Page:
Reigning in Radda

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Introducing the 2016 “Montevertine” and 2017 “Pian del Ciampolo”

A new round of releases from the legendary Montevertine estate, high in the hills above Radda-in-Chianti, is always a cause for celebration. Montevertine as we know it today began back in 1967, when Milanese steel magnate Sergio Manetti acquired the property as a summer home. Within a few years, and with the help of a beloved local named Bruno Bini who was born and raised at Montevertine, he began producing wine from the farm’s enviably situated high-altitude vineyards and reaped virtually instantaneous acclaim. From the outset, Sergio was an ardent proponent of Sangiovese, and felt that the then-required presence of Trebbiano only compromised Chianti’s ability to express a sense of place—especially in such a refined terroir as Radda. When regulations finally changed to allow Chianti Classico to be Trebbiano-free, Montevertine had long since abandoned the DOCG, and the wines have thus been classified as “Rosso di Toscana” since 1981—although, ironically, they are (and always have been) among the most pure expressions of true Chianti to be found. Sergio passed away in 2000, and his son Martino has held the reins since his death, changing virtually nothing about the steadfastly low-tech, traditional processes from which the wines are created. Vineyards are worked entirely without chemicals; grapes are always hand-harvested; fermentations are spontaneous; no stainless steel exists at the estate—only cement and old wood; sulfur is applied conservatively and only at racking; and neither fining nor filtration have ever been employed. These are wines that wear their low-intervention, “natural” origins not as a gleaming badge, but in a comfortable, matter-of-fact manner; wines this pure, this expressive—of course they are produced without unwelcome manipulation. It is truly rare to find wines of this level of breed that also utterly lack any sense of striving or polish, and every bottle of wine issued from the Montevertine estate is a testament to the beauty of which Sangiovese at its zenith is capable.

2017 “Pian del Ciampolo” Rosso di Toscana
The 2017 growing season heaped its share of abuse on the winegrowers of this zone. A monumental late-April frost reduced Montevertine’s potential yields by 40% all by itself, and a punishingly hot and dry summer exacerbated the issue. Martino remarked that, while there is typically a 70% ratio of juice weight to total grape weight, 2017 provided a mere 55% ratio, and production was effectively cut in half this vintage. On the bright side, “Pian del Ciampolo”—the wine most affected by the one-two punch of frost and hydric stress—is remarkably pure and balanced in 2017, with a sense of bristling energy at its core. At 13.5% alcohol, it is ripe but taut, with vigorous acidity and a terrific concentration engendered by the vintage’s drought conditions. Martino began picking on the 28th of September under ideal weather which persisted throughout the duration of the harvest, and the finished wine is a wonderful emblem of a world-class grower’s triumph over a challenging season. “Pian del Ciampolo” undergoes alcoholic and malolactic fermentation in large cement vats with no added yeasts, and extraction takes place solely through pumping-over rather than punching-down. It spends twelve months in well-worn Slavonian casks between 7.5 and 18 hectoliters in size, and the wine is bottled by gravity, unfined and unfiltered. The Pian del Ciampolo vineyard—a 1.5-hectare parcel of Albarese limestone—comprises the bulk of the wine, with smaller plots in Selvole, Il Casino, and Borro ai Colli completing the blend. The vines are fifteen years old on average, and it has been satisfying to watch “Pian del Ciampolo” gain complexity over the years as these vines have developed deeper root systems.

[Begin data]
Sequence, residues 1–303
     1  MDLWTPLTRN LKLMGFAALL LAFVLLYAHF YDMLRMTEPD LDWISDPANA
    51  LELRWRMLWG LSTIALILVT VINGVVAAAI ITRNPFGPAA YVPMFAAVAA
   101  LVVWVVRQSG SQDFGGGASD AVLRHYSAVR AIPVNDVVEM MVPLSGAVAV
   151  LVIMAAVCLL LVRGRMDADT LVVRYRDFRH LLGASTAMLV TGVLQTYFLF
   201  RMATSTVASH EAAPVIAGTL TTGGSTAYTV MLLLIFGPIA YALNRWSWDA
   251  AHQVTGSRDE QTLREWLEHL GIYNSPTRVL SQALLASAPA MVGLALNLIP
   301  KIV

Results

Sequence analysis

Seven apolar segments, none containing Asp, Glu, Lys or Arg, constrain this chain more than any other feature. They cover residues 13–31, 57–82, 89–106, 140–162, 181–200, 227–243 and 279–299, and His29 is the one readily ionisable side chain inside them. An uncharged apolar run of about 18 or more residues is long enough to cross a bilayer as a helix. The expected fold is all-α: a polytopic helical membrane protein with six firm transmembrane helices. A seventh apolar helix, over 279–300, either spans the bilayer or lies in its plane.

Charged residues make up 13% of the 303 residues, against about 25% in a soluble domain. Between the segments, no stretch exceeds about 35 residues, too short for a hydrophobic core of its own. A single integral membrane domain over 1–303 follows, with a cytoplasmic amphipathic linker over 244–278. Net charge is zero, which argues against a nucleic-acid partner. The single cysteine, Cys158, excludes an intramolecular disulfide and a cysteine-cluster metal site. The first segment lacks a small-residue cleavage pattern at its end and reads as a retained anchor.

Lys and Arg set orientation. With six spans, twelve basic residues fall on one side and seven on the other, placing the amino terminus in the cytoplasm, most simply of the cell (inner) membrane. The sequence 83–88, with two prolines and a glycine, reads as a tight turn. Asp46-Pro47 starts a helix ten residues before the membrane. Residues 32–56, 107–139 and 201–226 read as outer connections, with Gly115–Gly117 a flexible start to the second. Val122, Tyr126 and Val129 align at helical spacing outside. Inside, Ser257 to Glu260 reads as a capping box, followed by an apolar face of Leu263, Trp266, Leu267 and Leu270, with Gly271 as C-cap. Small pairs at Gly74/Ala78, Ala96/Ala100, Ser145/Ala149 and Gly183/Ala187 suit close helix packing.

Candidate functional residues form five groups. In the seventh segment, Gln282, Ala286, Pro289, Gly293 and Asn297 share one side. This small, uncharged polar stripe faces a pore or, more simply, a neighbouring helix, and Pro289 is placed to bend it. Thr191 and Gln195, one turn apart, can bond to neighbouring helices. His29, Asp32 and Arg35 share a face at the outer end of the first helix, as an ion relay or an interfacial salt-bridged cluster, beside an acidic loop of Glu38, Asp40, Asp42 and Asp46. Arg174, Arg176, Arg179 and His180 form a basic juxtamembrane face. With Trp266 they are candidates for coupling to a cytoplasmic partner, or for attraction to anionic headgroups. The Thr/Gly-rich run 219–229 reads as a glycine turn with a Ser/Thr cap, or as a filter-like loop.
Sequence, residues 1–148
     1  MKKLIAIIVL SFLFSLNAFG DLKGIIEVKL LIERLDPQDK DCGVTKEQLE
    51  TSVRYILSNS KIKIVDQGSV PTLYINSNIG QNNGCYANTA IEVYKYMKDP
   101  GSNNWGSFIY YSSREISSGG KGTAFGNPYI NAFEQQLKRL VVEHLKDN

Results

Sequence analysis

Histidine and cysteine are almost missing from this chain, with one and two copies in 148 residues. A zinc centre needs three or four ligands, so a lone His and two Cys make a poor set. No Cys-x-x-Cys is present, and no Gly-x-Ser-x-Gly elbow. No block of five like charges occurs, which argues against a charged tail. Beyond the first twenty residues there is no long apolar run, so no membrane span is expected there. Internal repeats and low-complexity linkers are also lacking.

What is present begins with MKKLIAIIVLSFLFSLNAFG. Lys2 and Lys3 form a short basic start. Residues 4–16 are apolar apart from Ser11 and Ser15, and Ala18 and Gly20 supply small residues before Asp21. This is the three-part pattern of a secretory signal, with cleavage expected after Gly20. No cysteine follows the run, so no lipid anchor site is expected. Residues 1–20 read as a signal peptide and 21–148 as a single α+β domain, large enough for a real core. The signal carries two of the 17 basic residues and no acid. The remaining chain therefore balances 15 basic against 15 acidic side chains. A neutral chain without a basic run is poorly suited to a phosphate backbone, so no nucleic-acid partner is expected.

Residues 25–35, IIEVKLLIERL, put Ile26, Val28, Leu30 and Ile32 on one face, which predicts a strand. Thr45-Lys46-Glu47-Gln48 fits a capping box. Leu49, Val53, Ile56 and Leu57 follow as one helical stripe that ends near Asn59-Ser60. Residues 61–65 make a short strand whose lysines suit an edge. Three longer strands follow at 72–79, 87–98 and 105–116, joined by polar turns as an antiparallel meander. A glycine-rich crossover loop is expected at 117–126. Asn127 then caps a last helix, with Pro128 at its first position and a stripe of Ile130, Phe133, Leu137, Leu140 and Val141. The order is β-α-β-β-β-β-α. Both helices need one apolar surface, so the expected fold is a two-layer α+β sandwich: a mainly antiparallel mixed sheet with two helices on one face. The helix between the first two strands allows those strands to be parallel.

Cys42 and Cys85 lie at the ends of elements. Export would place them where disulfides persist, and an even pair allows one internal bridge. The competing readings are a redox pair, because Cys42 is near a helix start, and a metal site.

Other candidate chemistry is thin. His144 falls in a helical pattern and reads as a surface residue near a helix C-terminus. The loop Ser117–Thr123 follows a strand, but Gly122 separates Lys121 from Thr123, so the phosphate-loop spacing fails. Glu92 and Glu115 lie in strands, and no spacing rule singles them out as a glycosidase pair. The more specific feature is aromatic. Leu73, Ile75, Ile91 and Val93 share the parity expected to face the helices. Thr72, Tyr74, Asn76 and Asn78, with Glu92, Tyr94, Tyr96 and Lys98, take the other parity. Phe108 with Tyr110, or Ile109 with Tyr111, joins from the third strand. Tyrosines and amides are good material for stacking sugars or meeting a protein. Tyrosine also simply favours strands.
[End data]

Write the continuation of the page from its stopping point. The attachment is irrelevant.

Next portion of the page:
2016 “Montevertine” Rosso di Toscana
Always one to downplay media hype, Martino admitted a personal preference for the 2016 vintage over the much vaunted 2015, comparing it favorably with 2013 and 2010 in its classicism and complexity. A rainy May presented some challenges, but the weather turned gorgeous in mid-June—dry and sunny—and remained so through harvest, which commenced on October 5th (late by today’s new post-climate-change standards). The 2016 “Monteverine” is strikingly dynamic in character, with immense tension between its regal, tight-berried fruits and a sense of savory earth brooding below the surface. Despite its lifted freshness, however, this is coiled like a cobra at this young phase, its tannins as abundant as they are suave. Absent the plump fruit of a vintage like 2015, Montevertine’s essential mineral rigor is on full display, and it is a style we find irresistible. Vines for the flagship Rosso come from a variety of parcels: primarily from the Montevertine plot itself (2.5 hectares of south-southeast-exposed vines planted in 1982) just below the house itself, but also from nearby Villanova and Il Pesa, along with choicer parcels from the Selvole and Il Casino vineyards mentioned above. Just as with “Pian del Ciampolo,” fermentation takes place naturally in enormous cement vats, but this spends a second year in cask before being bottled. A handful of new 7.5-hectoliter barrels entered the rotation for the flagship Rosso in 2016, and although they comprise a small portion of the total, it is worth noting since there is typically no new wood employed at all. In our mid-February tasting of the wine in assemblage, the oak had been superbly absorbed, and a little time in bottle should render it all but invisible.

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